For pro-life organizations working in Brussels, such as Hildingsson’s, the amendment wasn’t unexpected. “We were not surprised, as, unfortunately, since the last European elections in 2014, there has been a pro-abortion majority in the European Parliament,” Hildingsson said.
“The ideological colonization” in the European Parliament, Hildingsson added, is the “fruit” of this political balance, but European institutions in general are filled with an “anti-life agenda.” This was perhaps most clearly seen in May 2014, when the European Commission rejected the will of 2 million pro-life citizens who supported an initiative, called “One of Us,” which sought to ban EU funding for research and other activities that destroy human embryos.
Sources inside the European Parliament told the Register Feb. 21 that the abortion-funding amendment, which was narrowly passed by 51%-41%, was simply another attempt by radical feminists to hijack every report passing through the legislature to include language calling for abortion and same-sex rights, all without any legal basis.
In any case, the sources said, the EU Commission — the main executive branch, which has a “quasi monopoly” on legislative initiatives — would be unlikely to make such a proposal, as member states would be unlikely to agree on it. Also, the EU has no formal powers in this regard, as it is left to its 28 member states to decide whether to legalize abortion or not. Almost all of them do, however, with the exception of Ireland and Malta (Poland has also rolled back communist-era liberal abortion laws, but the nation’s parliament last year voted against a proposed law to ban abortion completely).
One official went so far as to call the move to insert the amendment “all a show” and a “major bluff,” as the EU would not be able to legally establish such a fund to finance abortions. Another official took a different view, saying such a fund is not needed because “all the tools already exist, and the EU Commission has the endorsement of the political power to fill the fund as it wishes.”
Even so, the amendment remains a concern because, although it is not legally binding, it can have political impact by helping parliamentary members exert pressure on national delegations.
Cardinal Napier was skeptical that African political leaders would stand up and openly oppose the actions, due to their high degree of dependency on aid from Europe — a continent, he said, that has fallen away from Christianity and “life-based values.” But he was hopeful that other civil and Church leaders would be voicing their concerns.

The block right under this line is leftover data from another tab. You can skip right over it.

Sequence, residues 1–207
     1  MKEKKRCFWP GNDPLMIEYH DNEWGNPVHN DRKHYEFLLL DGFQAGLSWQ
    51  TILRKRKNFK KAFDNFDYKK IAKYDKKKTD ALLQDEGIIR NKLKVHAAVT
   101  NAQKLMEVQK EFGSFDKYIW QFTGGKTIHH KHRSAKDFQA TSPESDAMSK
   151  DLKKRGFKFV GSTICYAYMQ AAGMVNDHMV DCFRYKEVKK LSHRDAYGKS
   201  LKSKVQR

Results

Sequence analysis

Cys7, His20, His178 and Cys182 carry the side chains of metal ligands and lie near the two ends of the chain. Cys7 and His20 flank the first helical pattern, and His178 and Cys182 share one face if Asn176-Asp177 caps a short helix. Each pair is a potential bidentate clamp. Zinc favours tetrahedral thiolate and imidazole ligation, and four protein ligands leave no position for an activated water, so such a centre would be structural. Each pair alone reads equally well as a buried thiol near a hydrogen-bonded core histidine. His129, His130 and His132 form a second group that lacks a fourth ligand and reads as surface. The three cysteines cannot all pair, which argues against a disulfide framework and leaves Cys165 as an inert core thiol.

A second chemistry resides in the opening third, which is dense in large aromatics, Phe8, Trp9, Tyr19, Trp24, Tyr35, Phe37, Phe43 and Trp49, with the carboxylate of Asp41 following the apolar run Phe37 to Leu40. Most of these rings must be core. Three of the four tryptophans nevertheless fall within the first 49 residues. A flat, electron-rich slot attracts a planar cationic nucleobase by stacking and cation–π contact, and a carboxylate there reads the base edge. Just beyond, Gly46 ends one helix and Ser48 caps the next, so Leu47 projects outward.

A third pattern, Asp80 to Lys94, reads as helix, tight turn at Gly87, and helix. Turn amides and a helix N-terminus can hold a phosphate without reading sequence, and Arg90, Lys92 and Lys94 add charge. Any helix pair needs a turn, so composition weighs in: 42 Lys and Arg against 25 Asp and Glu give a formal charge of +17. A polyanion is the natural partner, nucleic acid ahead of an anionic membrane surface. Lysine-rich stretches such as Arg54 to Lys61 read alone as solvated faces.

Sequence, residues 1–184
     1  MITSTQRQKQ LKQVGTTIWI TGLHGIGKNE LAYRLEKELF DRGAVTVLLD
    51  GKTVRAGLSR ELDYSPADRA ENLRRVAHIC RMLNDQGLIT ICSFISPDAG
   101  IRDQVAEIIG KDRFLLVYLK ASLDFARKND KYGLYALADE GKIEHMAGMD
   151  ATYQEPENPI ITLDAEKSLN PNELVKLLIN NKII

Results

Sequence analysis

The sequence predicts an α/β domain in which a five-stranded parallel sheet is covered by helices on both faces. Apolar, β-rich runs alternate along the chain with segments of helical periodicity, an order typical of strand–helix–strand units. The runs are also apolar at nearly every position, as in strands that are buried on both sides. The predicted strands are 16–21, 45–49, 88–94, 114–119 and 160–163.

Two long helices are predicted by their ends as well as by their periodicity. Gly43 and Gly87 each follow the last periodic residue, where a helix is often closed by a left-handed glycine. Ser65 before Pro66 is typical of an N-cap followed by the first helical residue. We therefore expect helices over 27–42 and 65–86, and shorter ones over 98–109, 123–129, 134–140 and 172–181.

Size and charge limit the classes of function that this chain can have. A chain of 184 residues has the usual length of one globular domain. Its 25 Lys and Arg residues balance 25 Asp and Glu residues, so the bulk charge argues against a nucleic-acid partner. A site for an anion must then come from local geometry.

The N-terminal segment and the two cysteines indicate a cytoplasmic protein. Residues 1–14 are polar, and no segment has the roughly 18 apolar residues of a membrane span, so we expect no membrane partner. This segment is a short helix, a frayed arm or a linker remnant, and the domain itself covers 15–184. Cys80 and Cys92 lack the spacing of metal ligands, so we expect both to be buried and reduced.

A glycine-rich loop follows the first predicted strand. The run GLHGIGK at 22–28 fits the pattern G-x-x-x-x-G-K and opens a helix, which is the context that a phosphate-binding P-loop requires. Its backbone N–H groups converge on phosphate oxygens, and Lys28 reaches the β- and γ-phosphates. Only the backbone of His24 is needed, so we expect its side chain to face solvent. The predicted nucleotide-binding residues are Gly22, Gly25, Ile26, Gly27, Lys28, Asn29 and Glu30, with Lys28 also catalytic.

“My hope is that some African leaders will take their cue from the positive galvanizing effect that the ‘Black Lives Matter’ movement has generated in the U.S.A. and beyond,” he said.
As on other occasions, the cardinal has strongly protested against “ideological colonization” and again chastised the Obama administration for having forced Africa to accept such policies with “unprecedented vigor.” It is accurate, he said, “to speak of it as the new form of ‘colonization,’ this time not by physically taking over land and mineral wealth and political control, but by taking over the minds and mores of the people thus colonized.”
Pro-life EU officials said they hoped national and international groups would raise their voices to stop members’ abuse of power.
For her part, Ekeocha has put together a video and is planning on writing an open letter against “this unsolicited and repulsive gift of ‘safe abortion.’” She said she also hoped “grassroots opposition across Africa” would rise up against “this new manifestation of cultural imperialism by ideologically driven MEPs.”
“Privileged Europeans” are raising millions for “safe abortion,” Ekeocha observed, while being “tone-deaf, disregarding, dismissive and even disrespectful to the people of Africa, who want so much to be allowed to determine for themselves their own needs and priorities.”
‘Africa Will Not Be Enslaved’
Quoting the late Sékou Touré, Guinea’s first president, Ekeocha said: “We prefer freedom in poverty to slavery in opulence.”
“Africa will not be enslaved by the wealth of the European Parliament,” she said, “and this is precisely why they will fail.”
Edward Pentin is the Register’s Rome correspondent.